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How NKR Used Healthcare Cloud for Secure Patient Data Storage

The National Kidney Registry opted for new healthcare cloud options to meet HIPAA compliance, harden database security, and optimize performance.

- Utilizing healthcare cloud options can help organizations strengthen secure patient data storage, and improve overall efficiency when it comes to patient care.

Healthcare cloud security can play critical role in patient data storage

The National Kidney Registry (NKR) opted to work with Rackspace for healthcare cloud options, and to improve its data storage options, NKR Director of Education and Development Joe Sinacore told HealthITSecurity.com.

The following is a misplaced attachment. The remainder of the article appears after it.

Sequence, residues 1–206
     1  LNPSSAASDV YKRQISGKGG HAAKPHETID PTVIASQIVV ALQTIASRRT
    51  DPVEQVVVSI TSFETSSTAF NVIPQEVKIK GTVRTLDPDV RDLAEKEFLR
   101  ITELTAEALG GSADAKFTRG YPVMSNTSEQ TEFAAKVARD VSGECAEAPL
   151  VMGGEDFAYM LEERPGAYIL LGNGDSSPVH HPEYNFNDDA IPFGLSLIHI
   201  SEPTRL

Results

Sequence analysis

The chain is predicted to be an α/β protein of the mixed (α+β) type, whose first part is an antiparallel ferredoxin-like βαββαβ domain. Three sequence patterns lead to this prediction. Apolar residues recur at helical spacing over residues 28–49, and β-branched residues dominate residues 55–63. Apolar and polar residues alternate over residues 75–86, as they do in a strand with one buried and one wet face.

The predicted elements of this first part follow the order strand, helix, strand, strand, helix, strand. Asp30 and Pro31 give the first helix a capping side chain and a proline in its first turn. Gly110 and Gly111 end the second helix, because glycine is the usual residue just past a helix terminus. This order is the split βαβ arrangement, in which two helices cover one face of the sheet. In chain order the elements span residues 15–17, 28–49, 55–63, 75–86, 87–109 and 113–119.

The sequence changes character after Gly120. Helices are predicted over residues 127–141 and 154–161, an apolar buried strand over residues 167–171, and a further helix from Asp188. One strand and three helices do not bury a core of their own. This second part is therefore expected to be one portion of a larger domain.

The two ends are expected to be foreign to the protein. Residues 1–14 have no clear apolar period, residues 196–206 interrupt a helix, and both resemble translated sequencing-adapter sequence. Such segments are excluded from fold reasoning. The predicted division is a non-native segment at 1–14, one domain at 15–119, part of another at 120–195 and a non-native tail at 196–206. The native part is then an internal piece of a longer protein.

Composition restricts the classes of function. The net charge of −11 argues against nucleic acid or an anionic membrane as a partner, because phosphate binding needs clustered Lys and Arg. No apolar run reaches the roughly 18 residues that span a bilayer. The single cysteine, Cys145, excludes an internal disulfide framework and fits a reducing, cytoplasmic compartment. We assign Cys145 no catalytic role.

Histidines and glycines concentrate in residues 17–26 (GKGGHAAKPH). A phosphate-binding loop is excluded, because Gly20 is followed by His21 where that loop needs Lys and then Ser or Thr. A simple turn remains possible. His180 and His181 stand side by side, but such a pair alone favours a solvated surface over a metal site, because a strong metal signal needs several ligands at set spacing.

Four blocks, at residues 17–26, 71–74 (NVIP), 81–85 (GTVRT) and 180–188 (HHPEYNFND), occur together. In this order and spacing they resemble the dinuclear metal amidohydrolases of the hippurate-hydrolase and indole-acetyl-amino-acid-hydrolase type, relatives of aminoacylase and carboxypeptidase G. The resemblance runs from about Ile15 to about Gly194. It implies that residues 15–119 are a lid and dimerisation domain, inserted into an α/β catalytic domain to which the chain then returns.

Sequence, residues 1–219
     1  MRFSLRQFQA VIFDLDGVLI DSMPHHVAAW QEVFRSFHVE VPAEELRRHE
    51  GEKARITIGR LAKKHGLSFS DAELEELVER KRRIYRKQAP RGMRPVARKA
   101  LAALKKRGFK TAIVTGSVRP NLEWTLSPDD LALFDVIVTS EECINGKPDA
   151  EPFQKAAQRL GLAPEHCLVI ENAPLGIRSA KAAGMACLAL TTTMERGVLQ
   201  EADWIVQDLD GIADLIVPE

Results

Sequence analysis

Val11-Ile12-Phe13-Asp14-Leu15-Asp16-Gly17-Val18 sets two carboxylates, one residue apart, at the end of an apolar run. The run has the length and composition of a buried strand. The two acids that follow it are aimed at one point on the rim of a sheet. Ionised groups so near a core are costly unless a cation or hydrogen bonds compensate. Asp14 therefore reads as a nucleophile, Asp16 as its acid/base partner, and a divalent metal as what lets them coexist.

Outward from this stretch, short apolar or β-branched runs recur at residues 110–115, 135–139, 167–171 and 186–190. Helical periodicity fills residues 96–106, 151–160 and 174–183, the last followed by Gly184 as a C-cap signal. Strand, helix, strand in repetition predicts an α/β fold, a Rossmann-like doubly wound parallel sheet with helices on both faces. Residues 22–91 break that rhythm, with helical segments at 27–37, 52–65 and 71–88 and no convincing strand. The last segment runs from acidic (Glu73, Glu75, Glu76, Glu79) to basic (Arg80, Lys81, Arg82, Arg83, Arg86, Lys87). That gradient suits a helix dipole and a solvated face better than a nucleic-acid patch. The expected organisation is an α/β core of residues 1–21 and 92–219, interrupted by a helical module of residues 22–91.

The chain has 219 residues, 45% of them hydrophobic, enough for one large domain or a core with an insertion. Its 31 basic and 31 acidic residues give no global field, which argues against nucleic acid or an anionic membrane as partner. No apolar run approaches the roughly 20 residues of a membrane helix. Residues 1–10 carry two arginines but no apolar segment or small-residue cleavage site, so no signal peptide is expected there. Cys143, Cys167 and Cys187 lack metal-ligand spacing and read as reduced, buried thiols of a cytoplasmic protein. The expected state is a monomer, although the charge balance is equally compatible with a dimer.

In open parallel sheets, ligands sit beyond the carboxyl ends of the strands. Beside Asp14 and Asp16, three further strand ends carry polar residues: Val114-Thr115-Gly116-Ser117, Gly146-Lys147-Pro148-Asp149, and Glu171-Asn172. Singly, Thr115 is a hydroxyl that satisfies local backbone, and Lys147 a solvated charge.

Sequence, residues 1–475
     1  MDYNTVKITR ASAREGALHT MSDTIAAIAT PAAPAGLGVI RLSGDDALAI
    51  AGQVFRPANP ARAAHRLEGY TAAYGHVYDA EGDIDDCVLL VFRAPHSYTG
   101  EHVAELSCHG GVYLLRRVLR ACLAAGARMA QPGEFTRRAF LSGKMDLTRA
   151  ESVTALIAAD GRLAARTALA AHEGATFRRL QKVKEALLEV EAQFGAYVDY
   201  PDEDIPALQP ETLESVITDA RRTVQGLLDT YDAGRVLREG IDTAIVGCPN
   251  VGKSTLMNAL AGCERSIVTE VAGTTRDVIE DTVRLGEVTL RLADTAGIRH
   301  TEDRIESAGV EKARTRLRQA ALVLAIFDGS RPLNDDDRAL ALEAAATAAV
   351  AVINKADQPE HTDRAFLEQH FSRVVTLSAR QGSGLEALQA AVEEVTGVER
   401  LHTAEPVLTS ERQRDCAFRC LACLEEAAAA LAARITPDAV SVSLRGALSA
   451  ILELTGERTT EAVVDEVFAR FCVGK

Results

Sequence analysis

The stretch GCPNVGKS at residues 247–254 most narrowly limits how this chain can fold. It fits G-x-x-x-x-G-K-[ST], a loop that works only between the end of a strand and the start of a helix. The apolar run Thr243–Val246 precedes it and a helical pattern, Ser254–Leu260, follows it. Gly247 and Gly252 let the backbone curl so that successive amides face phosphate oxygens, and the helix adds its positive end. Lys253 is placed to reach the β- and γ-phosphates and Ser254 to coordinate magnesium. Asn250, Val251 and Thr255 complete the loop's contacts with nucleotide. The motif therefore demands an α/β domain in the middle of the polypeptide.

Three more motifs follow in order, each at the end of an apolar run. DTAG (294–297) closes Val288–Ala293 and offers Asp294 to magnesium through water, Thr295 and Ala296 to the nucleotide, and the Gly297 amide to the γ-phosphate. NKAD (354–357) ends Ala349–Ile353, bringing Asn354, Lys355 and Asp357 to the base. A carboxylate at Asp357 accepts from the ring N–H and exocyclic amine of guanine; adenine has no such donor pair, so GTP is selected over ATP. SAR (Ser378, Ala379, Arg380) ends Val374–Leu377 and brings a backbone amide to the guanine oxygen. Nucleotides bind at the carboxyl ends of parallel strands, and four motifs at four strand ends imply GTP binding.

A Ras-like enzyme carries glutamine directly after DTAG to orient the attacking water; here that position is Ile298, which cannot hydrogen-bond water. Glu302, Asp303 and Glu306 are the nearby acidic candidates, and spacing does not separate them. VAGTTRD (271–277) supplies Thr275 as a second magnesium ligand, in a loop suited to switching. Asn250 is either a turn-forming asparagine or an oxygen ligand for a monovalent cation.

Sinacore said that he has been at the NKR since its conception in the summer of 2007, and is proud to be part of an organization that is helping individuals in the transplant process.

Typically when someone needs a kidney, there is a person in their circle of family or friends who is a donor, Sinacore explained. However, sometimes that person is not compatible for a couple of reasons.

The first barrier is the blood type not being a match. The second barrier is tissue type, and the third is areas such as size or age. For example, an 18-year-old should not be receiving the kidney from a 70-year-old donor.